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Many people see accounting as little more than techniques, concepts and procedures—that is, as technical practice. These are considered the “nuts and bolts” of accounting not only by the general public but by many accountants themselves.

Accounting is seriously misrepresented, however, if it is seen only as technical practice. Accounting is a practice that underlies and enables organizational action and much of human activity. In this way, accounting is fundamentally a social practice, which guides and influences the behavior of people in organizations and society, thereby impacting our lives, as well as organizational and social functioning and development.

When we understand the full dimensions of accounting we also get to appreciate how morality is at its core and how it cannot be adequately conceived as a purely instrumental or technical pursuit. A moral practice can be understood as a practice whose actions or inactions influence others now and in the future, and helps shape the moral order of organizations and societies, which in turn affects individual and organizational behaviors.

As far as accounting education is concerned, when accounting is perceived as technical practice alone, the key question is how to do accounting. However, when accounting is understood as social and moral practice, the key questions are: “What does accounting do?” and “What should accounting do?” Students, educators and professional programs need to respond to all these questions. Accounting needs to be studied, understood and practised in the contexts in which it operates, whilst also appreciating the impact of accounting in its contexts.

We are living in what may be described as the “calculative era”—an era where we trust or even respect performance figures of different forms and are driven within our respective organizations to adopt and achieve or exceed certain Key Performance Indicators (KPIs). This is where the nuts and bolts of accounting become pervasive in governing our lives and shaping our behaviors.

Accounting makes visible and calculable the objects and activities that are at the center of management. These representations appear to be factual and, therefore, give the impression of being objective and unable to be challenged. A prime example of perceived facts in action is commonly expressed in organizational, departmental and personal KPIs.

KPIs are typically designed and prepared by professional accountants using a multitude of accounting data to enable actions and behaviors and disenable actions and behaviors.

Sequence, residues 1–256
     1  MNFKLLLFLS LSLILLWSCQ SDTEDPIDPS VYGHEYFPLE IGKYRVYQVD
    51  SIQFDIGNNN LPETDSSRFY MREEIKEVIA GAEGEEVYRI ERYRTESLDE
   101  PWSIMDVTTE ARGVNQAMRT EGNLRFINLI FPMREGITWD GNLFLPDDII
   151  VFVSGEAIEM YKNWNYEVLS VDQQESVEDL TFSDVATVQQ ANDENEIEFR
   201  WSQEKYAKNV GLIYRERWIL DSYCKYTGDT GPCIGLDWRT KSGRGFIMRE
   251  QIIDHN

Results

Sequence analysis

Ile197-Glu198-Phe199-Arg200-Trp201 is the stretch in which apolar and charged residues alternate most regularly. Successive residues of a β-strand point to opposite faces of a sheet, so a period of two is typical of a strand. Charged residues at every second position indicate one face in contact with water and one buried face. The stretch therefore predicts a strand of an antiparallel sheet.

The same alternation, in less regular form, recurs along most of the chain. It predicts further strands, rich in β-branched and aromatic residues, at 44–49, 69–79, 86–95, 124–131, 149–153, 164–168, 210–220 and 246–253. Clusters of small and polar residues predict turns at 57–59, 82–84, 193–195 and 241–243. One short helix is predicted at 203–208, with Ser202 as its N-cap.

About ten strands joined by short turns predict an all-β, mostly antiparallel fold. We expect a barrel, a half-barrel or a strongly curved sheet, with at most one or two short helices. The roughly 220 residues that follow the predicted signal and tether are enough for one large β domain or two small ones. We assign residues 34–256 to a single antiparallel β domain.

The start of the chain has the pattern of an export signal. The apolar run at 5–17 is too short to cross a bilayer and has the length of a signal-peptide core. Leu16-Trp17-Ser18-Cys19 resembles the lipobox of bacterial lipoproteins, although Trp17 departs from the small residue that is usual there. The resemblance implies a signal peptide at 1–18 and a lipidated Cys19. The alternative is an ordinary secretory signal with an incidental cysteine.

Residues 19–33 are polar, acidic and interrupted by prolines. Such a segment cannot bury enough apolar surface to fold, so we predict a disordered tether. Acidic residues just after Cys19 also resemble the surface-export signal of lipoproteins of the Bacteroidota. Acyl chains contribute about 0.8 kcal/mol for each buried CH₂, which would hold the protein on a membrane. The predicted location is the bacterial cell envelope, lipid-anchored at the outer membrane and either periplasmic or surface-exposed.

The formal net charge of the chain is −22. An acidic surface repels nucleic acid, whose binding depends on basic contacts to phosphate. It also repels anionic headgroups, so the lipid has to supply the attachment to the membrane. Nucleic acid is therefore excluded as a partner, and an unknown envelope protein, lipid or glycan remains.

Accountants typically produce the information on which KPIs are based, thus confirming the privileged position of the accounting profession in society.

KPIs are effectively invisible, yet they literally float in the air in business, public and social organizations. They operate, for example, on airplanes, trains and buses, at Lord’s Cricket Ground, in banks and within local governments. They impact behavior in organizations of any kind that touch upon our lives.

Accounting in modern times is powerful because of its privileged position as a key means of directing and governing organizations, economies and societies. Appreciating accounting’s social dimension enables its moral dimension to emerge and erase the falsehood of accounting as an amoral endeavor. The appreciation of accounting as technical practice, social practice and moral practice constitutes the full dimensions of accounting.

On giving precedence to accounting’s full dimensions, accounting is no longer perceived as mere technique or tool whose characteristics are neutral, if not benign. That would ignore the social and moral dimensions of the practice. An accountant is not a craftsman or a craftswoman but a professional who has to possess and use expertise, as well as make professional and moral judgements. Accounting has ends as well as means. To use Aristotle’s examples, accounting as a profession is more like health is to medicine than is a ship to shipbuilding.

Fortunately, a self-aware accounting profession has an opportunity to become more accountable for its effects. Focusing on accounting’s social and moral impacts would bring a new dimension to performance measurement and management.